Whether you choose the west coast or the east, Scottish beach breaks are where it’s at!
Maybe you are looking forward to a romantic getaway with your partner (but without the kids)? Don’t look any further – there are many different options for your Scottish couples staycation. To me, the perfect getaway starts with a unique place to stay.
In Scotland, you can choose from an endless variety of options: outstanding luxury hotels where you get pampered and looked after, cosy cabin getaways in the middle of nowhere some even with a hot tub, special glamping experiences like sleeping in a yurt or a treehouse, traditional B&Bs where it’s all about the delicious food, local tips and hospitality. Treat your loved one!
With 790 islands to choose from, Scotland is a perfect destination for island hopping. Whether you escape to just one island, or bag several of them in one trip, you’ll be welcomed with stunning sea views, quaint remoteness and island hospitality that is second to none.
Nature is one of Scotland’s biggest assets and there are many hidden gems to discover.
Wildlife enthusiasts will love a trip to the coast to see puffins and other seabirds, try to spot dolphins and whales from aboard the ferries or spot otters playing on remote beaches. You can visit seal colonies and with a bit of luck, spot a rare basking shark in the clear waters off the west coast.
All over the country, there are pristine nature reserves with unique wildlife, flora and geology – there is a lot to discover & learn.
Whether you are looking for challenging hiking trails or just want to be immersed among the peaks on the porch of a cosy cabin, there are hills and mountain ranges all over Scotland.
Nothing beats an escape to the Scottish Highlands, the Cairngorms National Park or the hills in the Southern Uplands. Some of my personal favourites are getaways to the stunning valley of Glencoe, the remote plateau around Loch Ossian and the central peaks of Perthshire.
Adventure tourism in Scotland has come a long way and there is an activity for every taste.
For mountain adventures, plan a walking holiday: go hiking alone or with a hiking guide, try wild camping or even tackle a long-distance trail. You could also step it up a notch and take a climbing course or climb Scotland’s only Via Ferrata. In the water, book a sea kayaking adventure, go rafting or try your hand at stand-up paddling.
There are so many outdoor activities to try in Scotland, the biggest struggle will be choosing which ones!
History & Heritage Trip
Scotland is filled to the brim with fascinating history & heritage sites. History buffs have a lot to work through on their Scotland staycation. From discovering Neolithic archaeology in Orkney to prehistoric monuments like standing stones and chambered cairns all over the west coast – I recommend Lewis and Kilmartin Glen to begin with.
Continue on the Scottish Castle Trail through Aberdeenshire and visit grand mansions like Scone Palace or Abbotsford House.
Follow in the footsteps of famous Scottish writers and artists and learn about more recent history from WWII to the suffragette movement. I guarantee this won’t be a boring history class!
Scotland has seven thriving cities and each offers a completely different experience and atmosphere. Medieval Edinburgh is Scotland’s poster child with its historic castle, narrow lanes and awe-inspiring architecture. Glasgow in comparison is a bit more down to earth and offers a wide mix of architecture styles, a colourful mural trail, great live music scene and more.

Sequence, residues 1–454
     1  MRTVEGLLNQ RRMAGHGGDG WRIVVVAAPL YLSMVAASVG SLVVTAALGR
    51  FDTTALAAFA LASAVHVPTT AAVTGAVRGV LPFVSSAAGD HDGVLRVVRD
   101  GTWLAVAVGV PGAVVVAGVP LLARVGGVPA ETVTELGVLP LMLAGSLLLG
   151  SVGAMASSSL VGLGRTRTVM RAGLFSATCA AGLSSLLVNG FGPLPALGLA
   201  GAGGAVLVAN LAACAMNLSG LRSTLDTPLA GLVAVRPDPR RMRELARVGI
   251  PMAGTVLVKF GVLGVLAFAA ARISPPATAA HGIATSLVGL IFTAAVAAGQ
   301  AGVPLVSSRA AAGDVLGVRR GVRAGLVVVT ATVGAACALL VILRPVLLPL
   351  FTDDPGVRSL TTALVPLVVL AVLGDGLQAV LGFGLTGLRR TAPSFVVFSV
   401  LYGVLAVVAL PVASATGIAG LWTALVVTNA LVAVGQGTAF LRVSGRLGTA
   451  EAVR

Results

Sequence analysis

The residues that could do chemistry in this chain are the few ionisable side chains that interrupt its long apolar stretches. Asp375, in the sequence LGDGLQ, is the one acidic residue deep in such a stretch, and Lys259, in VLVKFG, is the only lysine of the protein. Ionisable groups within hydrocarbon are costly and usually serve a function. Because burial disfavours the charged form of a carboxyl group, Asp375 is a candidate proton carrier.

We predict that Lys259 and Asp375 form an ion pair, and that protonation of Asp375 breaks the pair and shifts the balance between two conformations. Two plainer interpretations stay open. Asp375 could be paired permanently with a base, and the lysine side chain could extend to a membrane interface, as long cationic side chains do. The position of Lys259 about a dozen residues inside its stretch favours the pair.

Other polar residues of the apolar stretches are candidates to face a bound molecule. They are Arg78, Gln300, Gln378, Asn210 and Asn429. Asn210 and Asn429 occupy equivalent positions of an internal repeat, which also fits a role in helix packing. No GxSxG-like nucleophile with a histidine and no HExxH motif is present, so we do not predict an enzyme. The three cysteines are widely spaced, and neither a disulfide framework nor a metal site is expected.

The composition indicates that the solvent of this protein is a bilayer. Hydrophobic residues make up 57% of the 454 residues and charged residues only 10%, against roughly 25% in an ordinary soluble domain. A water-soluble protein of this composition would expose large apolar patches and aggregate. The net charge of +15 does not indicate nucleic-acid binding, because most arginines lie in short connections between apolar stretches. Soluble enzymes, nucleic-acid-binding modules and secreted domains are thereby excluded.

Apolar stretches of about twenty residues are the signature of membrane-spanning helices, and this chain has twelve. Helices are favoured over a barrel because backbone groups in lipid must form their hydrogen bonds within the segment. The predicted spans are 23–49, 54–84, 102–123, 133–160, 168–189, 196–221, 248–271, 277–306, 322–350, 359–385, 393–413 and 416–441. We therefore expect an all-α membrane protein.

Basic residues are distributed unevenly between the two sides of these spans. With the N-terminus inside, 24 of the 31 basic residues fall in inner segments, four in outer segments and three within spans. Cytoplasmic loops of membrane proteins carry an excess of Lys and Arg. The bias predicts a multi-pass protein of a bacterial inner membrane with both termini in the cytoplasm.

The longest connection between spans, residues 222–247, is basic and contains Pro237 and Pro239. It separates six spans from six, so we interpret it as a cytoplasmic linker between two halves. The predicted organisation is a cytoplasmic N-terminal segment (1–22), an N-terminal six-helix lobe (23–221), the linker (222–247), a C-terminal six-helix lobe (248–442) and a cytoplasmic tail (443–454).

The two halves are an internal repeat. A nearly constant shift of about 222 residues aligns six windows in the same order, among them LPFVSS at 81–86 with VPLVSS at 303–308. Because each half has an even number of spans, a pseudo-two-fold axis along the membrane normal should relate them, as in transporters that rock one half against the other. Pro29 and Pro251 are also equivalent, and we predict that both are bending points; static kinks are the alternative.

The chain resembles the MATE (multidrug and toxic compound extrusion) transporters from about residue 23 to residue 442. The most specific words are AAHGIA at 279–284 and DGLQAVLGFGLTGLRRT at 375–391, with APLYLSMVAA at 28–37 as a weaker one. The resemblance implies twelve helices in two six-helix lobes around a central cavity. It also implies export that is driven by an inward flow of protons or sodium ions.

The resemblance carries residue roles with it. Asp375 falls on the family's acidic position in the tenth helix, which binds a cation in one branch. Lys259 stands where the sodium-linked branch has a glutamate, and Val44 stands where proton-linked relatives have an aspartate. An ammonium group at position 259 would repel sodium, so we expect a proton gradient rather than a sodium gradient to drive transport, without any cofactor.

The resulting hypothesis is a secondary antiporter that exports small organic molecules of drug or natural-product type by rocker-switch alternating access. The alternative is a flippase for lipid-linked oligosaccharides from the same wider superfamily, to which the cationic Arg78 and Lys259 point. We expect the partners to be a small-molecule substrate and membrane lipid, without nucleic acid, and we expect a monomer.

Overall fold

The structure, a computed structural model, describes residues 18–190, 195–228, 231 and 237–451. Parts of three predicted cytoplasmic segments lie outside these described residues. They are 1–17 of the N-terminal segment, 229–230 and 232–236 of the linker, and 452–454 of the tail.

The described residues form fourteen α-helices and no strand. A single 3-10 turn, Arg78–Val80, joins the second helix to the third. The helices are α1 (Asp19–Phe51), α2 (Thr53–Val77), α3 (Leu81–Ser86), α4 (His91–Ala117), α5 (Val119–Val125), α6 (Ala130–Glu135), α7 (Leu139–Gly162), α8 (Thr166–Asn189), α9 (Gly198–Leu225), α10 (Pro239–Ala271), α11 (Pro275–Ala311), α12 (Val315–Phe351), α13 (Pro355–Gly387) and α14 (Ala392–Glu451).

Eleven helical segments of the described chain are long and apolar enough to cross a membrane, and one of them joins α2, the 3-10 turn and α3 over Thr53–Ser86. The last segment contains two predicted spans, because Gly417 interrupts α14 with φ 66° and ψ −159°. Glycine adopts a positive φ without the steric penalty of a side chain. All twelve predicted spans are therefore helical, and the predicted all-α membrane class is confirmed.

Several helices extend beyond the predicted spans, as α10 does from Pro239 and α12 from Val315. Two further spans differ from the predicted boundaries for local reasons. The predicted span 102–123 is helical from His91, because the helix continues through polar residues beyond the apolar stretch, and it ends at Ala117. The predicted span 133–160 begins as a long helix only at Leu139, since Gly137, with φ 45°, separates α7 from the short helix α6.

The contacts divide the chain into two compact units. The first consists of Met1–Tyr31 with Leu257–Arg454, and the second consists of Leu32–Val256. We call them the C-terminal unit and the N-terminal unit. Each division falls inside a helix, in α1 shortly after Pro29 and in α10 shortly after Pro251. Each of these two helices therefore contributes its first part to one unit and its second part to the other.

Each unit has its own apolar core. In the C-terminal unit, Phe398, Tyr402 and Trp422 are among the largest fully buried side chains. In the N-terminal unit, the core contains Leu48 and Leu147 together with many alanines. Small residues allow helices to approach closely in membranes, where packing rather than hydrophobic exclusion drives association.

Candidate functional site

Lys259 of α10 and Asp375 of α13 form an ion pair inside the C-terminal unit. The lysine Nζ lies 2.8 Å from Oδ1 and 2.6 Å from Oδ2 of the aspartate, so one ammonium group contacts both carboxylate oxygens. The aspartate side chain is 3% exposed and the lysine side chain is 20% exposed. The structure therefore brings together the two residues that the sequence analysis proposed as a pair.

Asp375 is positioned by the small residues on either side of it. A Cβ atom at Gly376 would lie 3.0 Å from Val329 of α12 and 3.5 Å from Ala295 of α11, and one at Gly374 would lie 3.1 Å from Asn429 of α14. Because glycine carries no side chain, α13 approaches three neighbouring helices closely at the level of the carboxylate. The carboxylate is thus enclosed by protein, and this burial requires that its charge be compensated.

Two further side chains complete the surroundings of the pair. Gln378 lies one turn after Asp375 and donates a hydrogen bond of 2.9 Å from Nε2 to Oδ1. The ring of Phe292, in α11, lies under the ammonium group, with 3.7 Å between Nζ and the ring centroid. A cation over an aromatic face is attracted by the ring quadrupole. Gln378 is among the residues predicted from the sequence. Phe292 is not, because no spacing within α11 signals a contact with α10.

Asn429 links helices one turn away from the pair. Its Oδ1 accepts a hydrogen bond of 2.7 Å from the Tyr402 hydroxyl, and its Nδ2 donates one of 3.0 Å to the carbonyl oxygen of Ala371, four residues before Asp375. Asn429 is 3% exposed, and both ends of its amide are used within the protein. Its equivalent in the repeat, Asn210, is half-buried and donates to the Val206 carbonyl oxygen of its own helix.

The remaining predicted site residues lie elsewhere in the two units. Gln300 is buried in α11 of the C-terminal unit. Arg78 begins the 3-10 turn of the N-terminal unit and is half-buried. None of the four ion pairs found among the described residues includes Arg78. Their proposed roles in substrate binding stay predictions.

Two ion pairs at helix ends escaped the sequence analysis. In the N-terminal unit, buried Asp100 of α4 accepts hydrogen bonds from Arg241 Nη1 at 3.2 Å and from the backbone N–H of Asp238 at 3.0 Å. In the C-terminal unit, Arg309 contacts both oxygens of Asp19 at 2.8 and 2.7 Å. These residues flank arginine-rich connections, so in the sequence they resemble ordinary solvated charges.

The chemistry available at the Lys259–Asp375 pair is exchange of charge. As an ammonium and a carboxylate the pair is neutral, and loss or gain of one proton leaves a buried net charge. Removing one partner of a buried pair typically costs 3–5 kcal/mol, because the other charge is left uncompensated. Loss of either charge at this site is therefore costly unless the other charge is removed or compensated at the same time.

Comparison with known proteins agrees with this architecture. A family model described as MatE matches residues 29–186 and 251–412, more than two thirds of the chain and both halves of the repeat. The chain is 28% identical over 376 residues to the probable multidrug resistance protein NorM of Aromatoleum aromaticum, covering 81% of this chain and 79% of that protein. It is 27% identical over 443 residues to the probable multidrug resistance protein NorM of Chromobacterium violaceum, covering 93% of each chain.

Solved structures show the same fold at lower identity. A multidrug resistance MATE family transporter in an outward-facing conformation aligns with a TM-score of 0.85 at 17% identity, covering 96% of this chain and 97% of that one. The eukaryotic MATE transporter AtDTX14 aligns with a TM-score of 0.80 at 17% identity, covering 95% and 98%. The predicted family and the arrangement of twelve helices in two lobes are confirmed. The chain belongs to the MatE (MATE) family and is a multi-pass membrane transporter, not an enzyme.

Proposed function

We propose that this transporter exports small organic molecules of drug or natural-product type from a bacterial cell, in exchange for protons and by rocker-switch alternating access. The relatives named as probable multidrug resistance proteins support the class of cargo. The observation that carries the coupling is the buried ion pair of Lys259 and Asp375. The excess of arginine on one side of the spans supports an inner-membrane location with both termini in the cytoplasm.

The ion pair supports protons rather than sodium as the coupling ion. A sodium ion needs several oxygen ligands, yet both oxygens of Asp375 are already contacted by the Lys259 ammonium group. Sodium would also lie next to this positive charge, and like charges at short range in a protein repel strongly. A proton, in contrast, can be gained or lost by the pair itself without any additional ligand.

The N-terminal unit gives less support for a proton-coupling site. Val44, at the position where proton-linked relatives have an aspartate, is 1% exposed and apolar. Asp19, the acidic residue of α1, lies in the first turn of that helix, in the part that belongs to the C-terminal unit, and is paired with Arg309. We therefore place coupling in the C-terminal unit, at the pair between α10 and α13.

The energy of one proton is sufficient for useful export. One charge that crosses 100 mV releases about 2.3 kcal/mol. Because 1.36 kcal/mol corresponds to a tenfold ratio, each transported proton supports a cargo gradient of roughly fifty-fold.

Stirling is a great getaway for history fans who are looking for a small, walkable city to explore on a day trip. Dundee is a creative surprise with the brand-new V&A and a quirky street art trail. Perth offers a relaxing getaway on the River Tay, while Inverness is a grand home base to explore the northern Highlands.
Aberdeen on the east coast is my favourite pick for a city break in Scotland: an endless beach promenade, interesting history, great vegan food scene & lots of colourful street art!
Hit the road and discover Scotland from the roadside. Road trips are my favourite way to explore Scotland off the beaten track. From the world-famous single-track roads of the North Coast 500 – particularly enjoyable in off-season – to the many other regional routes that came after.
The NE250 through Aberdeenshire and the Cairngorms, the SWC300 along the coast and mountain roads of south-west Scotland, the Heart 200 through Perthshire – and that does not even include the many scenic drives through Scotland that are not part of these named routes.
Food & Drink Trip
Are you a foodie or a whisky lover? A food & drink-themed staycation is just what you need to taste the best of Scottish produce.
Follow the Speyside Whisky Trail or visit the Isle of Islay to get your fill of single malt whiskies, throw in one of Scotland’s many gin distilleries for a change, or indulge in locally brewed craft beers.
Discover traditional Scottish cuisine and the freshest seafood by the coast, or try something different and indulge in the up-and-coming vegan cuisine of the country. Your taste-buds will thank you for that staycation!
As you can see, Scotland has a lot to offer! Whether this is your first holiday within Scotland or you are just looking for inspiration a special getaway, I hope you will consider planning a staycation in Scotland with this post!
Now, I’d love to hear from you! What’s your favourite holiday memory from Scotland?
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All photos by Kathi Kamleitner.